Teen Driving Task Force
Minutes of March 20, 2012 Meeting
RedRossa Italian Grille, 808 West Sioux Ave
Pierre, South Dakota
Task Force Members Present: Staci Eggert, Ken Franks, John Foster, Cindy Gerber, Representative
Peggy Gibson, Major Randy Hartley, Representative Nick Moser, Dr. Susan Randall, Senator Todd
Schlekeway, Mark Swendsen, and Senator Craig Tieszen.
Support staff present: Lee Axdahl and Hannah Houdyshell
Others present: Dick Tieszen, on behalf of Safe and Sound South Dakota, Terrold Menzie, on behalf of
Indian Health Services (IHS), and Duane LaFave
Task Force Members absent: Nancy Allard, Bob Clark, Captain Steve Haney
Call to Order: Senator Tieszen called the meeting to order.
Roll Call: Houdyshell passed around a sign in sheet and noted absences.
Approval of minutes for January 27, 2012 meeting: Chair Senator Tieszen, and Co-Chair Dr. Randall
approved the minutes.
Discussion and prioritization of issues and consideration of possible recommendations and/or
legislation: Senator Tieszen opened the floor to the task force member’s
Ken Franks offered driver education, specifically, standardization of curriculum as well as possible
elective offering within the school district. Senator Schlekeway wanted the task force to look into a
uniformity of resources for driver education. Staci Eggert expressed concern with mandating driver
education and Representative Moser could not see supporting making it a requirement in schools. Dr.
Randall pointed out that in Dr. Braunstein’s study concerning driver education, which was presented to
the task force at the January 27th meeting, it was suggested that South Dakota is behind in driver
education compared to other rural states and cited that states that had mandated driver education had
fewer fatalities than South Dakota and Wyoming, where driver education is not required. Duane LaFave
mentioned that insurance companies offer lower rates to those who complete driver's education as an
incentive to families and Representative Gibson wondered if perhaps insurance companies would offer
funding to the State of South Dakota if we were to standardize driver education throughout the state,
offering it within the schools as an elective and not a required course. Senator Tieszen commented that
the incentive offered by insurance companies, as well as the reduction of required supervised driving
time given to those who complete driver education, is a prime motivator to families. Major Hartley
noted that these incentives are not offered as much as driver education has lost its importance. Dick
Tieszen stated that the studies performed by auto and insurance companies have not provided evidence
that driver education reduces crashes and fatalities, but also said that insurance companies still support
some type of driver education based on a standardized core curriculum and he was in favor of the
incentive program offered by insurance companies.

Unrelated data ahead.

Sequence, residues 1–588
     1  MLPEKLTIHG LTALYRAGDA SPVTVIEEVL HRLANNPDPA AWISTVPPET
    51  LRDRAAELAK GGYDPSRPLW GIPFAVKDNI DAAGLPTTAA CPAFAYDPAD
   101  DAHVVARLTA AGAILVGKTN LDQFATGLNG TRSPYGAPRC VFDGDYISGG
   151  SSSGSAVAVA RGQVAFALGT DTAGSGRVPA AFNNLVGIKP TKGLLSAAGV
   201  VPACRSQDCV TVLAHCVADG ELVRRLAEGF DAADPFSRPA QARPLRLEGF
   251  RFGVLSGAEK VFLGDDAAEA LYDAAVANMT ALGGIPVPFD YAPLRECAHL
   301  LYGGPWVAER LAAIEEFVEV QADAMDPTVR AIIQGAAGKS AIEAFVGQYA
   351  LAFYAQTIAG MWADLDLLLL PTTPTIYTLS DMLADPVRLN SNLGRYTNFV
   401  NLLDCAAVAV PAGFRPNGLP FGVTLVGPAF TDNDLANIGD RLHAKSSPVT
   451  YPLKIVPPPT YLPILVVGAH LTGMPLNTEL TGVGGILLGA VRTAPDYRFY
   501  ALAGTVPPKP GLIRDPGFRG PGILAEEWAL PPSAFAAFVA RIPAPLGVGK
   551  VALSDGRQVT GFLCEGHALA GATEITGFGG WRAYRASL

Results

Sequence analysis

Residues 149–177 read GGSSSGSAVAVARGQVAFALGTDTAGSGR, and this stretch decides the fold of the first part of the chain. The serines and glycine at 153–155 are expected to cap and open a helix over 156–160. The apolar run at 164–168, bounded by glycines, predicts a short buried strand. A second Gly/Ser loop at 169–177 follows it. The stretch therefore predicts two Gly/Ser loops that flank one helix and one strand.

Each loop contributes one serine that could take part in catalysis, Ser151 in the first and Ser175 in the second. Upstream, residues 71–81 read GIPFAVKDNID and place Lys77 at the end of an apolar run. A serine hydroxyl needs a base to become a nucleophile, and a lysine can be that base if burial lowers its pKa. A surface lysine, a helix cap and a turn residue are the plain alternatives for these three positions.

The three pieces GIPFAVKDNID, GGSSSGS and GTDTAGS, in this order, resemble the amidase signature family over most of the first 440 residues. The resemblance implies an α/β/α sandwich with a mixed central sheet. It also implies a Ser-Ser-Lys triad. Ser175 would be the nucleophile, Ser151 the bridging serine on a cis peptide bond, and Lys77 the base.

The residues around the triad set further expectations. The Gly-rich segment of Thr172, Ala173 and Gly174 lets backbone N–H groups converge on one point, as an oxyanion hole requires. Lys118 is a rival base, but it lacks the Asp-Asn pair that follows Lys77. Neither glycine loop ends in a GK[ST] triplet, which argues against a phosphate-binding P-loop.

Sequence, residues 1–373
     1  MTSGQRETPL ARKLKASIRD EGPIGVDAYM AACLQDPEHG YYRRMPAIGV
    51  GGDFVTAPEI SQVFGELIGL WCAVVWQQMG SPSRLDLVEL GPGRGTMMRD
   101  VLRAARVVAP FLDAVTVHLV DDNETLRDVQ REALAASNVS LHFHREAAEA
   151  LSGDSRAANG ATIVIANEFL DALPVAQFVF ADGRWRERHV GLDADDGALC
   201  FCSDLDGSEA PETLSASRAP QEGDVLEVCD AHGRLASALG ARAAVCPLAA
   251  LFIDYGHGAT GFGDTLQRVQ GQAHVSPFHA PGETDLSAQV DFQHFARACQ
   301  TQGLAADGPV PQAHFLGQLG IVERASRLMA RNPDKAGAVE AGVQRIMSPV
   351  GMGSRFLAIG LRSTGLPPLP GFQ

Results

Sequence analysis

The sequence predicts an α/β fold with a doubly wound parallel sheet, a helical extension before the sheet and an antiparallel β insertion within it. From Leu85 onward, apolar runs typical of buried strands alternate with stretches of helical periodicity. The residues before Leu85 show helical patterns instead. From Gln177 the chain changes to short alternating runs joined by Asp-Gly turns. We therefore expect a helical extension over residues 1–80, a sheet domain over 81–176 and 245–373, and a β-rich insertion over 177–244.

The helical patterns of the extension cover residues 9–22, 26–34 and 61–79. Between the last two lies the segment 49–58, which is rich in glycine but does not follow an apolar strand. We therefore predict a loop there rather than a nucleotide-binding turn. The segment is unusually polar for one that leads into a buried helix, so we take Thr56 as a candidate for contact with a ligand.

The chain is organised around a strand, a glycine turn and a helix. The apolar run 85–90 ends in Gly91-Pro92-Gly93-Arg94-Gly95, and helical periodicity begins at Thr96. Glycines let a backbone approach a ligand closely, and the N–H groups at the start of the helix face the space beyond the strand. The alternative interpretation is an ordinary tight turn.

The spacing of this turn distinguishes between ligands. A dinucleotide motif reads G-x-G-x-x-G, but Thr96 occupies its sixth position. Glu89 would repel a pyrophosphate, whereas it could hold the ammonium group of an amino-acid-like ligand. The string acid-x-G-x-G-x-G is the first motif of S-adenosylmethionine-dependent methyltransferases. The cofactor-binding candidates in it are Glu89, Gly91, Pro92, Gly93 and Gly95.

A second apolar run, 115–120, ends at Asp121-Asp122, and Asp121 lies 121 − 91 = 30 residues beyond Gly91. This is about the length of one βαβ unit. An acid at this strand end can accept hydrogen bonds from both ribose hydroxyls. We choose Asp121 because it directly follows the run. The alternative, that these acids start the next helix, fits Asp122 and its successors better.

Major Hartley wanted the task force to really get to know a driver education curriculum and its
requirements before mandating it. John Foster referred to Dr. Braunstein’s study of driver education
and the Department of Transportation (DOT) response to it. Dr. Braunstein’s study encouraged the
State of South Dakota to adopt a standardized curriculum for driver education, specifically, the
curriculum developed by the American Driver and Traffic Safety Education Association (ADTSEA). DOT
responsed by stating that one specific curriculum was not necessary, but that a standardized core group
of points could be developed that driver education instructors and school districts could work from in
choosing their curriculum and resources.
Senator Tieszen asked Lee Axdahl where the Department of Public Safety (DPS) would stand on the
mandating of driver education. Axdahl stated that the Office of Highway Safety supported education,
but he was unsure of whether making it a requirement was necessary. The Governor’s office would
have the final say on where DPS would stand on the issue.
Cindy Gerber mentioned that the funding for driver education used to come from the Department of
Education (DOE), but changes in the structure of the DOE left driver education by the wayside. A Driver
Education Association used to exist within the state as a resource for school districts and instructors, but
it was disbanded several years ago. Both Senator Schlekeway and Senator Tieszen wondered if the DOE
should be the department to handle driver education again, but Dr. Randall suggested an outside source
should be responsible for it. Senator Schlekeway wondered if an outside source would be able to reach
teens in rural areas as effectively as an offering provided by the school district. Duane LaFave said there
is a lack of time in the school day to handle the requirements of driver education, but that he had an
interest in revisiting students after the student has a chance to gain more experience behind the wheel
to assess knowledge retention. Dick Tieszen suggested a driving experience with students once a month
for 12 months, which would give the instructor time to work with the student and observe his/her
development behind the wheel. Dr. Randall referred to a program, introduced in Dr. Braunstein’s study,
in Michigan where driver education coincides with Graduated Driver Licensing (GDL). A teen takes
courses as he/she advances through the GDL system. The task force wondered if there were other
states that utilized long term driver education.
Senator Tieszen tabled the discussion in order to move on to a presentation on rural road and
specifically reservation road safety by Terrold Menzie of Indian Health Services (IHS).
Presentation by Terrold Menzie from Indian Health Services: The IHS works to predict and prevent